What is a voided check and how to get one? 

 When you set up a direct deposit or withdraw money from your bank account, you may be asked for a voided check. Here’s how to cancel a check and the steps to consider before canceling a check

A checking account is more than just checking. Often, they can also be used to get direct deposits and automatic payments. These transactions can simplify your finances and give you more control over your deposits and withdrawals.

In some cases, you can set up automated transactions online. However, in other cases, you’ll have to fill out some paperwork and provide a voided check that includes your bank’s routing number and your account number.

What is a voided check?

Voided check is a paper check with “VOID” written on the front. If you must provide a voided check, you don’t need to ask your bank or credit union for it.

You can take a check from your supply and write “VOID” on it yourself.

The word “VOID” doesn’t have to cover the entire check, but it should be large and dark enough that the check cannot be used. Do not write bank number information on the bottom of the check.

When to use voided checks

Avoided check is most commonly used to provide banking information so that someone can electronically link it to your bank account. 

 If you need to provide this information, you will usually be asked for your routing number. The account number on the form is required, but also includes a copy of the voided check.

Set up direct deposit or automatic payments

If you want to make a direct deposit with your employer, you will usually need a copy of the voided check.

While you’ll be asked to provide your bank routing number and account number on the form, your employer’s human resources department may also require a copy of the voided check.

This process allows your employer to directly deposit your salary or expense reimbursement.

Payment services may also require voided checks when setting up an account.

Set up automatic loan payments

Many times, you need a voided check to set up automatic loan payments, such as mortgage payments, student loans, or auto loans. You can often get better rates by using automatic payments, so setting up automatic payments and sending a copy of the invalid check may be worth the extra effort.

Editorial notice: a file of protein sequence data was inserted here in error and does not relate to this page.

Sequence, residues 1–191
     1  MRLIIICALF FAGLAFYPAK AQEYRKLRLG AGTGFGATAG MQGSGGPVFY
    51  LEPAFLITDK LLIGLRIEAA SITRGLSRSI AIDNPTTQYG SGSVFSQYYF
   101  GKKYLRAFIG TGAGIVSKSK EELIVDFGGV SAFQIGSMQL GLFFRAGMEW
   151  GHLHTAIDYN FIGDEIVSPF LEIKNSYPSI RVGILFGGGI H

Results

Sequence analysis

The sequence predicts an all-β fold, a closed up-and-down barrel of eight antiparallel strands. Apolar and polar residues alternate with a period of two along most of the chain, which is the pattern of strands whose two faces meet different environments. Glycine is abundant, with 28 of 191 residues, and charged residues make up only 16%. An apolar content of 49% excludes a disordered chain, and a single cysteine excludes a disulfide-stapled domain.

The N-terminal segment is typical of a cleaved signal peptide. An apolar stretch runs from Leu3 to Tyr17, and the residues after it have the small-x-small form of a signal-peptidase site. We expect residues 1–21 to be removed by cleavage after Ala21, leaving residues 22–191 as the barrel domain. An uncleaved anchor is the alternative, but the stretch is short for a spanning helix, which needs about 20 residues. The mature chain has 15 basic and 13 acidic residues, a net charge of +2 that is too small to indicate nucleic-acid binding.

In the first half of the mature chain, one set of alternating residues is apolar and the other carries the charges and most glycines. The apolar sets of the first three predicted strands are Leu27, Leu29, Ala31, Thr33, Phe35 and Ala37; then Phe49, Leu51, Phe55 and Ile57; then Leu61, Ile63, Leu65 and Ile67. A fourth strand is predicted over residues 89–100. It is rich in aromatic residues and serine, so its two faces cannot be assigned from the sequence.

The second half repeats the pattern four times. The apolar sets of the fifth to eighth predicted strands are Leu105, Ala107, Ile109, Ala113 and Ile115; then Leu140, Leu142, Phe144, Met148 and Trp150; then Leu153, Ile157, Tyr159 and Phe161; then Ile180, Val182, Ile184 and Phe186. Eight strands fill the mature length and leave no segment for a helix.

Set up automatic electronic bill payment

Other types of automatic payments may also require voided checks. For example, setting up autopay for your rent, utilities, or phone bills may require a voided check if you choose to use direct debit from your bank account.

Often, the extra savings makes the extra effort worth it. For example, many insurance companies offer attractive discounts if you make automatic payments.

Authorize a government agency to directly deposit your benefits

Much like a direct deposit paycheck, you can set up a direct deposit and have benefits sent electronically to your bank account. For federal benefits, there is no additional fee for direct deposit.

You can even choose to have your direct deposit tax refunded.

correct mistakes

Making mistakes is human, and if you make a mistake writing a check, canceling the check is often the best way to fix the mistake.

Please note, however, that checks are not valid until they change hands or are presented to the bank for payment.

If you need to cancel the payment of a check that has left your hands, you will need to contact your bank.

How to get a voided check

It’s easy to cancel a check: just take a check from your checkbook and write “VOID” in capital letters on the front.

Write in large, well-spaced letters that are tall and wide enough to cover the entire surface of the check — but not the bank information (interesting-looking numbers in computer fonts) at the bottom.

Use a dark pen or fine marker, the thicker the better. You want to make it difficult for thieves to erase or overwrite your invalid marks. Otherwise, they will receive a blank check.

You don’t need to sign the check or enter any other information.

If you don’t have a voided check on hand, there are several other options, including:

  • You can ask your bank to write a “counter check” for you. This is a special type of check that can be officially voided by the bank but still includes your important account information.
  • You can also ask businesses or organizations that require voided checks if they also accept voided deposit slips.

If both options fail, you may need to ask your bank to record your relevant account information. Also, notarize the letter to make sure it is printed on their official letterhead.

This is almost always a reliable approach, although circumstances rarely require you to go this route.

At the end of the day, you should have no trouble getting a voided check.

From employers to payment services to government agencies, requests to void checks are still common. However, keep your safety in mind when sharing your banking information.

If emailing your information, consider using a password-protected PDF.

We hope this article was helpful to you. Please share with anyone you think will appreciate this information! 

By Cary Grant

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